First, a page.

And, of course, Trump has repeated the claim on Twitter: "Is Robert Mueller ever going to release his conflicts of interest with respect to President Trump, including the fact that we had a very nasty & contentious business relationship, I turned him down to head the FBI (one day before appointment as S.C.) & Comey is his close friend.."(sic)

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Did Mueller Interview for FBI Job?

FBI Director James Comey was fired on May 9, 2017, and the administration set out quickly to find his replacement in what turned out to be a very public vetting process.

On May 12, 2017, Politico reported that four people — acting FBI Director Andrew McCabe, Sen. John Cornyn of Texas, former Justice Department Criminal Division Chief Alice Fisher and former U.S. Attorney in Manhattan Michael Garcia — were set to be interviewed the next day. “Henry E. Hudson, U.S. District Court Judge for the Eastern District of Virginia, Fran Townsend, former Homeland Security Adviser to former President George W. Bush, and Mike Rogers, the former chairman of the House Intelligence Committee, were also interviewed,” the story said.

Similarly, the Washington Post and Bloomberg each named eight people who were interviewed on May 14, 2017. PBS listed 14 possible candidates for the job.

But there was no media mention of Mueller at that time.

But according to Trump, after he fired Comey, Mueller came to him to interview for the director’s position — a job that Mueller held for 12 years until he retired in 2013 — but Trump says he turned him down. According to Trump, Mueller “wanted the job … and I didn’t give it to him.”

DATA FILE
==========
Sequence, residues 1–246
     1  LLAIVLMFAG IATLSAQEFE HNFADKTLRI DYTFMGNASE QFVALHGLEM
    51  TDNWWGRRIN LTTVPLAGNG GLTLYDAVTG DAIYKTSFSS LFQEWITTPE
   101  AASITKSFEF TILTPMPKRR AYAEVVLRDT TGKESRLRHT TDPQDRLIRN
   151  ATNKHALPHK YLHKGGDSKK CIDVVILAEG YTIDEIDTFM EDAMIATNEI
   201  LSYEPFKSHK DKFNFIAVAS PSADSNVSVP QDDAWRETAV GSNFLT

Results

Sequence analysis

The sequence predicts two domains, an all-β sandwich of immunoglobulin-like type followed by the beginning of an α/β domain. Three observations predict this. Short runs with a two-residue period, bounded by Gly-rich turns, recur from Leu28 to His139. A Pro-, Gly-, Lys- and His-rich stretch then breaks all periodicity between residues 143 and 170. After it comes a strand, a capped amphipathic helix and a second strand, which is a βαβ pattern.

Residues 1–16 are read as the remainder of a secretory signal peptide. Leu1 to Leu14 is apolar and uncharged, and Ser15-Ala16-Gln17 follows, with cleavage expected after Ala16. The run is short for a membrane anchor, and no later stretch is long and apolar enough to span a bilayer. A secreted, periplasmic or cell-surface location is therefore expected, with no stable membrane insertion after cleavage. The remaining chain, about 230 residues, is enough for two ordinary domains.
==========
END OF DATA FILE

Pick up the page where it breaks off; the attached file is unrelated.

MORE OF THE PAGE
That narrative was echoed by an unnamed White House official in June of 2017, as reported by CNN and others.

In an interview on June 15, 2017, White House Press Secretary Sarah Sanders was asked about the meeting between Trump and Mueller. She said it was her understanding that it was a job interview on the day before Mueller was named as special counsel, though she wasn’t aware of whether it was for acting or permanent FBI director. Sanders did not answer the question about why the administration hadn’t mentioned him as a possible candidate, as it did with others.

Bannon, however, has a different recollection of events.

In an interview with investigators, “Bannon recalled that the White House had invited Mueller to speak to the President to offer a perspective on the institution of the FBI. Bannon said that, although the White House thought about beseeching Mueller to become Director again, he did not come in looking for the job.”

In other words, Bannon says Mueller did not come to the White House for a job interview. And it was the White House, not Mueller, that was considering wooing Mueller into taking the job.

We reached out to Peter Carr, a spokesman for the special counsel, for more details about what actually took place at the meeting, whether it was an interview, and whether Mueller was seeking the director job. “We’ll decline comment beyond the report,” Carr said.

Club Fee ‘Dispute’

Trump also claimed that Mueller had a conflict because the two men had a “very nasty & contentious business relationship” regarding Mueller’s membership fees at the Trump National Golf Club in Sterling, Virginia. Through a spokesman, Mueller has denied that there was a dispute.

“Mr. Mueller left the club in October 2011 without dispute,” special counsel spokesman Joshua Stueve told DailyMail.com in July 2017.

Mueller’s report provides some details on how and why Mueller left the club — but none of it suggests that the two men had a “very nasty & contentious business relationship.”

According to the report, Mueller informed the club in a letter on Oct. 12, 2011, that he would no longer be a member. The letter “noted that ‘we live in the District and find that we are unable to make full use of the Club’ and that inquired ‘whether we would be entitled to a refund of a portion of our initial membership fee,’ which was paid in 1994,” the report said.

“About two weeks later, the controller of the club responded that the Muellers’ resignation would be effective October 31, 2011, and that they would be ‘placed on a waitlist to be refunded on a first resigned/first refunded basis’ in accordance with the club’s legal documents,” the report said. “The Muellers have not had further contact with the club.”

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Dylan Smith/TucsonSentinel.com

Mueller in 2011